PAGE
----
The statistics presented show the surprisingly high proportion of irrelevant tax treaties, contrary to national law and tax treaties. Even excluding the DT between EU countries taking into account the particular position of the parent-subsidiary directive, we find that more than 70% of irrelevant tax treaties are maintained. This last observation confirms that irrelevant ADL DTTTs are not specific to the EU, but are a network-wide phenomenon. It also shows the growing role of national legislation in preventing double (economic) taxation and the extent of national legislative changes. Footnote 16 Overall, we believe that our results highlight empirically mixed results in the literature. In particular, we are convinced that our results underline the importance of recognizing the international tax system as a network and that they have a significant impact on tax treaties by distinguishing their position in relation to domestic law and all other treaty in the network. Tax treaties can only have an impact on foreign direct investment if they reduce the tax burden under the conditions of national legislation, and their final effects will depend on their relevance in the existing global network of double taxation conventions. Any contract between third countries can compromise the relevance of a single tax treaty, which means that countries lose some of their ability to set a tax policy because of their contractual purchases. Anderson, J. E., Yotov, Y. (2016). Terms of trade and overall efficiency effects of free trade agreements, 1990-2002. Journal of International Economics, 99, 279-298.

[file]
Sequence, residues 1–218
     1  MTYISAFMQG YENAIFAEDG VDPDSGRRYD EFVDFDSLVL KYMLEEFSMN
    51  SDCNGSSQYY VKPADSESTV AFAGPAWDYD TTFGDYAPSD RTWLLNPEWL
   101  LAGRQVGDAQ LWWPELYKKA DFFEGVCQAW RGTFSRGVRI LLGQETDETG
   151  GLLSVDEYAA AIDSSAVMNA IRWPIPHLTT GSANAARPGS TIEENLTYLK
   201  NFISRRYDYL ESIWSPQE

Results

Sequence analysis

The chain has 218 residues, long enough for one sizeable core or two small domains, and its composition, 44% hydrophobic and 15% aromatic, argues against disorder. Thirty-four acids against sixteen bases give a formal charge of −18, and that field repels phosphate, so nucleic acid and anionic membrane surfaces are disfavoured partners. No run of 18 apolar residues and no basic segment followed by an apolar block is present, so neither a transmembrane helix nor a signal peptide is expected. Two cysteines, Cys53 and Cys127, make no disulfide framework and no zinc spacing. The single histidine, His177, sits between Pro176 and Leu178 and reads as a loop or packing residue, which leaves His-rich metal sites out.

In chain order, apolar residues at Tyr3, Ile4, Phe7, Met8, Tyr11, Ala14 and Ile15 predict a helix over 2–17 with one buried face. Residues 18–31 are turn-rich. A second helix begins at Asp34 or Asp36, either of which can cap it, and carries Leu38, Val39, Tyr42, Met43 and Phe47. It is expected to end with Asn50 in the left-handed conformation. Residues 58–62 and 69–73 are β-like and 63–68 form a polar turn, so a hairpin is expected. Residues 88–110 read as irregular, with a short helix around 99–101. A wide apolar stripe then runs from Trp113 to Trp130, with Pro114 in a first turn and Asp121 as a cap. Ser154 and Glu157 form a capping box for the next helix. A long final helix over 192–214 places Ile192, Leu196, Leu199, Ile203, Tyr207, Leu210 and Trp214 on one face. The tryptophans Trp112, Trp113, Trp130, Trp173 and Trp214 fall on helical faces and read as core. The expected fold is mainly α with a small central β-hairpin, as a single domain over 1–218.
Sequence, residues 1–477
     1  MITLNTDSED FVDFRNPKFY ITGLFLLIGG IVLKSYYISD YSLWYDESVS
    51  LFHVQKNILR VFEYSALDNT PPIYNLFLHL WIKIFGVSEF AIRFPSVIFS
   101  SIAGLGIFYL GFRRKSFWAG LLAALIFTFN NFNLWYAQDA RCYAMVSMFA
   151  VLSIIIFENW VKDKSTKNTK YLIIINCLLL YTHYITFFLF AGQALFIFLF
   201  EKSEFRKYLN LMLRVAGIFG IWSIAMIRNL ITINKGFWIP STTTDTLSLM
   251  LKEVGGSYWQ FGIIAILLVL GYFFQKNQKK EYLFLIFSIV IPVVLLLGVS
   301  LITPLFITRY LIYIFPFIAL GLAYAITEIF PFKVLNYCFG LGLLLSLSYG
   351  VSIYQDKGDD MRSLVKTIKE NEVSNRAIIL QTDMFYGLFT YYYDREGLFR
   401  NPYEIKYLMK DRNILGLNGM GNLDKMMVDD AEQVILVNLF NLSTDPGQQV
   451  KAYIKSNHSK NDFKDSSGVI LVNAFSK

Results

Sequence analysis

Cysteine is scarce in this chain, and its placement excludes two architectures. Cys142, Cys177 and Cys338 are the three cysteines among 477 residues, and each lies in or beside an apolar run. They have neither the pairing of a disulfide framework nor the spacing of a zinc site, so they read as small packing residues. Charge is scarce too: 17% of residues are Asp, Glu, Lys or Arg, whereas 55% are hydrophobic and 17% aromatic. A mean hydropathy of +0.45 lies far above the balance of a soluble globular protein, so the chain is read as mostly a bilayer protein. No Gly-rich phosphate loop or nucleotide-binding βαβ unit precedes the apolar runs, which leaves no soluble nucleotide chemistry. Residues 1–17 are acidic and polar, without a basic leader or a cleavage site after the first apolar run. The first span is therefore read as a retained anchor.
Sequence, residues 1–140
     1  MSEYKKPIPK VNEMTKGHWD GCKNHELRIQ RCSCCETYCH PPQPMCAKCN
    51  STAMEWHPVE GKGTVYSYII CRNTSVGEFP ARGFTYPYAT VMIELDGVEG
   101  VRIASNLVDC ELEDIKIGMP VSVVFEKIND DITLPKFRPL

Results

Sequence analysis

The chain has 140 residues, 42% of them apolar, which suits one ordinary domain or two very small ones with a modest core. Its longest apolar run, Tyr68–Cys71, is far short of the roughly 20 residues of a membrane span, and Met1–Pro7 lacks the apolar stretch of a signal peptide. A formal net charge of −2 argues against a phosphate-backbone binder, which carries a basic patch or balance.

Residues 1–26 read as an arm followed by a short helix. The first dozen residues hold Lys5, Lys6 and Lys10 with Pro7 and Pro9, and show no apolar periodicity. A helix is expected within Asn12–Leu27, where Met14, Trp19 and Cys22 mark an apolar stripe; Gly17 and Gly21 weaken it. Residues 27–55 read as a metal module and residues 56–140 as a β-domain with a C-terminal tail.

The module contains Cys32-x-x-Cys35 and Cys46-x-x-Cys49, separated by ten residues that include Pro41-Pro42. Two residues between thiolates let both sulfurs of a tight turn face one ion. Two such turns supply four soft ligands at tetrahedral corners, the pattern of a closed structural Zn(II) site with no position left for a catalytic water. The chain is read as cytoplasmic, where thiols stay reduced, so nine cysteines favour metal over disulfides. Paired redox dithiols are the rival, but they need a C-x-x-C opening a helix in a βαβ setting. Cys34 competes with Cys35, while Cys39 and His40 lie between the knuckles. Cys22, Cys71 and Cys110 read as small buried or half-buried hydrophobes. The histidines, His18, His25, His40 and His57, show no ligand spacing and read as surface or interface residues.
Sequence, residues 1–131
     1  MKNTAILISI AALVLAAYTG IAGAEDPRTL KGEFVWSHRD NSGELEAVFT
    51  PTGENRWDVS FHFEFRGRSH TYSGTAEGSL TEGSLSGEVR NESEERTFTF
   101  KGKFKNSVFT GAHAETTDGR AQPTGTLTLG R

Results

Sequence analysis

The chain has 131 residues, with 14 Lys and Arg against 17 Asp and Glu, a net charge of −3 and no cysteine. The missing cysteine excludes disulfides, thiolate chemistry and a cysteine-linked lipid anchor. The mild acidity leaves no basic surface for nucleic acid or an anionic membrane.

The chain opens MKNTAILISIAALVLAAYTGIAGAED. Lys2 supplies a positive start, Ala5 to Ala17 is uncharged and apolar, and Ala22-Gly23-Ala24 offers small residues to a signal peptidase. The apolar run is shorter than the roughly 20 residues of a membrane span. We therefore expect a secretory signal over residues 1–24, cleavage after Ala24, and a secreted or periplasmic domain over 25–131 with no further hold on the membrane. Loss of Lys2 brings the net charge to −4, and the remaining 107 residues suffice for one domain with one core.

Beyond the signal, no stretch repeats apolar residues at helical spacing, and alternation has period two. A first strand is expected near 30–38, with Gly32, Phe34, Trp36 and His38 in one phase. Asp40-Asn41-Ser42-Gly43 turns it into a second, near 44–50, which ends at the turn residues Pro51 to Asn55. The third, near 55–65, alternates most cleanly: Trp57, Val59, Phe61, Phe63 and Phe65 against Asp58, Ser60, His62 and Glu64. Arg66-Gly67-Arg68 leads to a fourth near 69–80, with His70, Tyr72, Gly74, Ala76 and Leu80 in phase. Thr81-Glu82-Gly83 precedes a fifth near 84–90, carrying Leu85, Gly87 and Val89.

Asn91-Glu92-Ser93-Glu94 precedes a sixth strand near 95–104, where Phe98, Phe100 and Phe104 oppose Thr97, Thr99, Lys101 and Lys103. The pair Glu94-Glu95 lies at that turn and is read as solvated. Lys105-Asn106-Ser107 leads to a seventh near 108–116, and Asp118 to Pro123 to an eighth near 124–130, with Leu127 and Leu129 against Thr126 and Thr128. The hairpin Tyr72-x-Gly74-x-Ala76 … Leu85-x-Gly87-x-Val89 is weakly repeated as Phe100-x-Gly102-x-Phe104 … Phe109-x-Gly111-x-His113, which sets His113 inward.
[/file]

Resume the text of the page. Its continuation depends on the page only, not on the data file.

These include countries that have a territorial tax system in which all foreign profits are tax-exempt, and countries that introduce global taxation with a participation exemption for foreign dividends. Some countries exempt only 95% of dividends received with a foreign tax credit or without dividend relief for the remaining 5%. Other countries exempt 100% of the dividends received, but prohibit the deduction of certain participation-related expenses. To simplify the analysis, we ignore these different characteristics. Neumayer, E. (2007). Do double taxation conventions increase foreign direct investment to developing countries? The Journal of Development Studies, 43 (8), 1501-1519. Braun, J., Zagler, M. (2014). An economic perspective on double taxation agreements with developing countries.
World Tax Journal, 6 (3), 242-281. We describe the entire international network of double taxation agreements, with a series of tax treaties presented in Chart 1 and a measure of bilateral taxation summarized in Table 2. Our first variable is a forgery that verifies the presence of a DTT between two countries, contract. This is the standard variable used in the previous literature. Pairs of countries that do not have a contract will be our reference category throughout our estimates. For each year in our sample, we measure the direct tax gap between two countries, taking into account a possible tax agreement between these two countries, DirectTaxDistance. About half of the countries in our sample have an exemption scheme under which foreign dividends are not taxed in the country of residence (Eq. 5) – see also Table 3.Footnote 1 Other countries subject the dividends received to the taxation of the country of residence at the corporate tax rate (t_R).
Most of these countries avoid double taxation by accounting for taxes paid in the jurisdiction of the sources on the amount of dividends paid (Eq).